If you are a gadget enthusiast like me, you would probably know that Xiaomi (Chinese manufactures of smartphones) recently entered into an exclusive partnership with Flipkart to sell their flagship smartphone model called Mi3 in India. The price of Mi3 was speculated to be around Rs.14,000/-. If one wished to buy Mi3, he had to be a registered Flipkart user, the phone was not available for a non registered user, and the registration was open only for a short time. I had promptly registered to buy the phone, but my colleague Rajesh had not. Though he wanted to buy the phone, he could not because he had not registered on time.
Out of sheer desperation, Rajesh walked up to me and made an offer. He said he is willing to buy the phone from me at Rs. 16,500/-. Being a trader at heart, I readily agreed to sell him the phone! In fact, I even demanded him to pay me the money right away.
After I pocketed the money, I thought to myself, what have I done?? Look at the situation I’ve put myself into? I’ve sold a phone to Rajesh, which I don’t own yet!!
But then, it was not a bad deal after all. I agree I had sold a phone that I didn’t own. However, I could always buy the phone on Flipkart and pass on the new unopened box to Rajesh. My only fear in this transaction was, what if the price of the phone is above Rs.16,500?? In that case I’d make a loss, and I’d regret entering into this transaction with Rajesh. For example if the phone was priced at Rs.18,000 my loss would be Rs.1,500 (18,000 – 16,500).
However to my luck, the phone was priced at Rs.14,000/-, I promptly bought it on Flipkart, upon delivery, I handed over the phone to Rajesh, and in the whole process, I made a clean profit of Rs.2,500/- (16500 – 14000)!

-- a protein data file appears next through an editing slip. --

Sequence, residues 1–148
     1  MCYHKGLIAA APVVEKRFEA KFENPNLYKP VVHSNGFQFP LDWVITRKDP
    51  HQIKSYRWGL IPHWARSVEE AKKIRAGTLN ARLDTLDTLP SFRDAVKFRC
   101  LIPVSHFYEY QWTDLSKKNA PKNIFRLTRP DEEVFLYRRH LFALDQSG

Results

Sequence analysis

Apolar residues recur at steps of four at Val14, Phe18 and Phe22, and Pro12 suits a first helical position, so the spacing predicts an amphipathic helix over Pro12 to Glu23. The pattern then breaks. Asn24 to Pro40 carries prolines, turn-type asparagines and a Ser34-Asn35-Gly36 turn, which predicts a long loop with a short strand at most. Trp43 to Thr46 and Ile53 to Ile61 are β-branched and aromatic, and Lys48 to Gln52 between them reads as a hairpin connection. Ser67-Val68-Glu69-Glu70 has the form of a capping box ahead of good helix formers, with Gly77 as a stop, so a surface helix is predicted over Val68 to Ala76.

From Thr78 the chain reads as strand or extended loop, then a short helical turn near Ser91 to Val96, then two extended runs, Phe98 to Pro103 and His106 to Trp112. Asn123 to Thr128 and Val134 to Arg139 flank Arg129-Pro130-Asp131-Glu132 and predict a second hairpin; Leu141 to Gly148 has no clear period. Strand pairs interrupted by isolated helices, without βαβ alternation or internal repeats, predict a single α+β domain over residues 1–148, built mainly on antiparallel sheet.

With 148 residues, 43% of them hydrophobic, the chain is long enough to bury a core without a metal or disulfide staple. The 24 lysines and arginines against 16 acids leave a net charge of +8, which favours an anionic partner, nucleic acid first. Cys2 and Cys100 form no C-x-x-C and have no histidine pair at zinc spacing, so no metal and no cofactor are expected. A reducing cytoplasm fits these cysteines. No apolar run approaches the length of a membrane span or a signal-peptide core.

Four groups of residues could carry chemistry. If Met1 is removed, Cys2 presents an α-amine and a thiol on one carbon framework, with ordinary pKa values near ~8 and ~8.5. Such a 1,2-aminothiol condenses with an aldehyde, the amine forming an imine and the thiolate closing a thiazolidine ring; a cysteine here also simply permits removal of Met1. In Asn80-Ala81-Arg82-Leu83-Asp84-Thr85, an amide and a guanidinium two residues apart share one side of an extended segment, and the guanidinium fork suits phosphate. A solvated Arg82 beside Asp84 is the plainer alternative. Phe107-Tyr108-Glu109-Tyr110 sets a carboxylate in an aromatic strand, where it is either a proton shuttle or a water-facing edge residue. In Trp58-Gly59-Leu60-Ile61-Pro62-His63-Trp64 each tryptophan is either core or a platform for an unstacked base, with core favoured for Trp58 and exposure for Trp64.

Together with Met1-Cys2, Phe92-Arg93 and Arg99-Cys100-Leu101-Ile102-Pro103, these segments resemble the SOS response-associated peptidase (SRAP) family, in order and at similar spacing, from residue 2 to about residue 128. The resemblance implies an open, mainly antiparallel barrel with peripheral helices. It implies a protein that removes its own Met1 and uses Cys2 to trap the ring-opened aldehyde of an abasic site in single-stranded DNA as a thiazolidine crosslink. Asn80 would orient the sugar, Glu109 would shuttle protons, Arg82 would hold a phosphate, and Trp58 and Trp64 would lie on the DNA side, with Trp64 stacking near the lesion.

If you look at the sequence of transactions, first I sold the phone (that I didn’t own) to Rajesh, and then I bought it later on Flipkart and delivered the same to Rajesh. Simply put I had sold first, and bought it later!
This type of transaction is called a ‘Short Trade’.
The concept of shorting is very counter-intuitive simply because we are not used to ‘shorting’ in our day to day activity unless you have a trader mentality 🙂
Going back to stock markets, think about this very simple transaction – on day 1 you buy shares of Wipro at Rs.405, two days later (day 3) the stock moves and you sell your shares at Rs.425. You made a profit of Rs.20/- on this transaction.
In this transaction, your first leg of the trade was to buy Wipro at Rs.405, and the second leg was to sell Wipro at Rs.425, and you were bullish on the stock.
Going forward, on day 4, the stock is still trading at Rs.425, and you are now bearish on the stock. You are convinced that the stock will trade lower at Rs.405 in a few days’ time. Now, is there a way you can profit out of your bearish expectation? Well, you could, and it can be done so by shorting the stock.
You sell the stock at Rs.425, and 2 days later assuming the stock trades at Rs.405, you buy it back.
If you realize the first leg of the trade was to sell at Rs.425, and the second leg was to buy the stock at Rs.405. This is always the case with shorting – you first sell at a price you perceive as high with the intention of buying it back at a lower price at a later point in time.
You have actually executed the same trade as buying at Rs.405 and selling at Rs.425 but in reverse order.
An obvious question you may have – How can one sell Wipro shares without owning it. Well, you can do so, just like the way I sold a phone that I did not own.
When you first sell, you are essentially borrowing it from someone else in the market, and when you buy it back, you actually return the shares back. All this happens in the backend, and the stock exchange facilitates the process of borrowing and returning it back.